MPM: The quote from Jesus Himself that people involved in ecumenism always remember is in John’s Gospel—John 17:21—where Jesus prays at the Last Supper “Father, may they all be one so that the world may believe” and the fact is that, if you like to put it in very simple terms, sin separates us and grace gathers us. The work of God is always to gather us together—we’re made in the image of God, Father, Son, and Holy Spirit, the Trinity, the most sublime unity. Therefore, the human race and the whole of creation is made for unity. Sin fragments us and fractures us, and if we’re going to bear witness to Christ and to the Gospel of God’s grace and of God’s unity, it’s imperative that Christians should be united.

Various divisions have tragically come into the Christian Church over the years, and one of the most serious of those is the breach between West and East, between Catholics and Orthodox. What leaders of our Churches have recognized increasingly in recent times is that if Catholics and Orthodox are really going to bear a convincing witness to Christ in the world, we will do that far better if we repair the breach between us and stand united to preach the Gospel of reconciliation. How can we preach the Gospel of reconciliation when we ourselves are not reconciled?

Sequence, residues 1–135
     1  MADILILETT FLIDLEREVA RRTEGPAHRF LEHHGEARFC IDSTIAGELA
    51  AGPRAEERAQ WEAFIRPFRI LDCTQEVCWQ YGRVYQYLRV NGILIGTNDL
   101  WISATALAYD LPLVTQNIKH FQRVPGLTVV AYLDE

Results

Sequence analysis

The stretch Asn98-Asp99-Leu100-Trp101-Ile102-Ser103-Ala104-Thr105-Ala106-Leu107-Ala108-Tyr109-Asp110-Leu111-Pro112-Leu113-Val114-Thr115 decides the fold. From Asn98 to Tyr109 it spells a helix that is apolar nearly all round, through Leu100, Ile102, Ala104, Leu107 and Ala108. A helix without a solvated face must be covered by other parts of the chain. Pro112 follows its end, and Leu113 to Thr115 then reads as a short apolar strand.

RH: Continuing on the theme of what you just said—that the separation serves as a liability, hindrance to, and a major compromising of the Christian witness—from a technical, legal perspective within canon law, the Schism itself now has no legal bearing because of the mutual rescinding in 1965 of the anathemas of excommunication by Pope Paul VI and Patriarch Athenagoras. Historically, in 1054—the date by which historians usually view the Schism as having gone into effect—Pope Leo IX never authorized the bull of excommunication [against Patriarch Michael Keroularios of Constantinople] and in any event had died by the time that Cardinal Humbert laid the bull on the altar of Hagia Sophia, nominally excommunicating Patriarch Michael.